Friday, January 31, 2014

KY Senate Rushes to Let AT&T Kill Rural Phone Service

Quick, somebody go check the copy of the U.S. Constitution in the National Archives; somebody must have scratched out the third word of the Preamble and added a new one, so that now it reads:
We the Corporations
Because we are truly a nation of the Corporations, by the Corporations and for the Corporations
A bill that would further reduce state regulation of telephone service in Kentucky could speed through Senate committee and floor votes Thursday.
Senate Bill 99 is the newest version of what many at the state Capitol call "the AT&T bill," because that company has played a key role in pushing the deregulation proposal for several years. Critics blocked it in the past, saying it could leave rural Kentuckians stranded without cheap and reliable land-line service while freeing the major phone companies to pursue more profitable high-tech customers.


Since 2011, AT&T's political action committee has given about $55,000 to state election campaigns in Kentucky, including $5,000 to the Senate Republican majority's chief fundraising committee and $5,000 more to the House Democratic majority's chief fundraising committee. The company spent $108,846 last year on legislative expenses related to its 22 Frankfort lobbyists.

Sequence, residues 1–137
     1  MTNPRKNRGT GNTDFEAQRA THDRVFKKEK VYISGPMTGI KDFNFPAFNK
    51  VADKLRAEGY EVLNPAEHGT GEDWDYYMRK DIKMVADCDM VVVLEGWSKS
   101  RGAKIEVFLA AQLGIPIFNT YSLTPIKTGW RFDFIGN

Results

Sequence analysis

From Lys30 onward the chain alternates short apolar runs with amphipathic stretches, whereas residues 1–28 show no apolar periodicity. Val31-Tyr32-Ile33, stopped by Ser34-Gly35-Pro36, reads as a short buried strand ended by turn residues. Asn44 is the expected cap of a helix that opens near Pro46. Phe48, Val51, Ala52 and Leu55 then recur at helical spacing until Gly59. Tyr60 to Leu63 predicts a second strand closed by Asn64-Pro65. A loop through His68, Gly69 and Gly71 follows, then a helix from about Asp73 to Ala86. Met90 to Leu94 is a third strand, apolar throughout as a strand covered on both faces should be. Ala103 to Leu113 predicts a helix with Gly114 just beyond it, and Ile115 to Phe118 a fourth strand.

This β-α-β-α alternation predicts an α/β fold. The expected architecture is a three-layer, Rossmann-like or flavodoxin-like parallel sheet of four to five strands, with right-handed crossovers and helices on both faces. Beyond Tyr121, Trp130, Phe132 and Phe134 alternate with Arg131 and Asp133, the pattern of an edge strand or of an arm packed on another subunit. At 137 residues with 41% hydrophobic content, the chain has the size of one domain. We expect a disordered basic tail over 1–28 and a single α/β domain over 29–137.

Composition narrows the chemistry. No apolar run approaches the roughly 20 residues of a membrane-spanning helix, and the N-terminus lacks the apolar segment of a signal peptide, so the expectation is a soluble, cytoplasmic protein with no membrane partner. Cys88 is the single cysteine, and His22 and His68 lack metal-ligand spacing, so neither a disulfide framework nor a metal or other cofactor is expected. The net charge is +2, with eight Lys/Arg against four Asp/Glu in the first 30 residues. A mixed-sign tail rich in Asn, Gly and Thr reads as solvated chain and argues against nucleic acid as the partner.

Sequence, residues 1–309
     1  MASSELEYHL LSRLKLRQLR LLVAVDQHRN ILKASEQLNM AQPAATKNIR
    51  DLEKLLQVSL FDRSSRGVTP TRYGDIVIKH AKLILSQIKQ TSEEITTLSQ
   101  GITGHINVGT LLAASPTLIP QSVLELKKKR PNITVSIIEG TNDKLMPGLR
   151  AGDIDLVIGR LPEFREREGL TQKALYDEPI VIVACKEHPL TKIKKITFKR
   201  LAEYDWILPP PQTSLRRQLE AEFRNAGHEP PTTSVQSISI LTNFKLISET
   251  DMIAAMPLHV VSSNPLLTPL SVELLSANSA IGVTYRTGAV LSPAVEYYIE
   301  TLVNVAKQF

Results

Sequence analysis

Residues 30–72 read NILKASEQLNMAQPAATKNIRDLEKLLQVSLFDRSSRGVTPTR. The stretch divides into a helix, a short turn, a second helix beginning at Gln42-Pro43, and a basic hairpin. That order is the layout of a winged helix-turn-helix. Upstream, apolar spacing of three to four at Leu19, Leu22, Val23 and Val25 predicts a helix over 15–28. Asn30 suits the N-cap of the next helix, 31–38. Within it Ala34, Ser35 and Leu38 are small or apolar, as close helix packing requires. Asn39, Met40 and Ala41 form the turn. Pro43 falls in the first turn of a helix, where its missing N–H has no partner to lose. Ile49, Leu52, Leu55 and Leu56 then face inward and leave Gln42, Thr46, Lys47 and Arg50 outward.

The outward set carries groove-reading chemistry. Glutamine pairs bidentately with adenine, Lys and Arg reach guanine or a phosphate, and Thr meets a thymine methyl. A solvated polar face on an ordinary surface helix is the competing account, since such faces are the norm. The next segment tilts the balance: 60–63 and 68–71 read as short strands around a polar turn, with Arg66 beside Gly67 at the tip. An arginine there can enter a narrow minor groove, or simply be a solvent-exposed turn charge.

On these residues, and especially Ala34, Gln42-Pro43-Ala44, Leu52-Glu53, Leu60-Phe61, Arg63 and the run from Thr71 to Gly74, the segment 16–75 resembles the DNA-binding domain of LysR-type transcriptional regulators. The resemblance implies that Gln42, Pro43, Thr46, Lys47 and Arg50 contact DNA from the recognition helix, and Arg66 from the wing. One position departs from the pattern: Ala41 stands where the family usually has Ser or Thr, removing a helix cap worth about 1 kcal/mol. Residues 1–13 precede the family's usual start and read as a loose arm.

The article fails to mention the biggest problem with eliminating landlines and forcing people to use cell phones: electricity service in the Commonwealth is extremely unreliable. Every time a puff of wind knocks a tree limb onto an overhead power line, power goes out to thousands of people for hours if not days. No electricity, no cell phones.

Not that the Kentucky General Assembly or the Public Service Commission, which have consistently refused to force utilities to bury power lines, gives a shit about citizens injured and dead from being unable to call for help.

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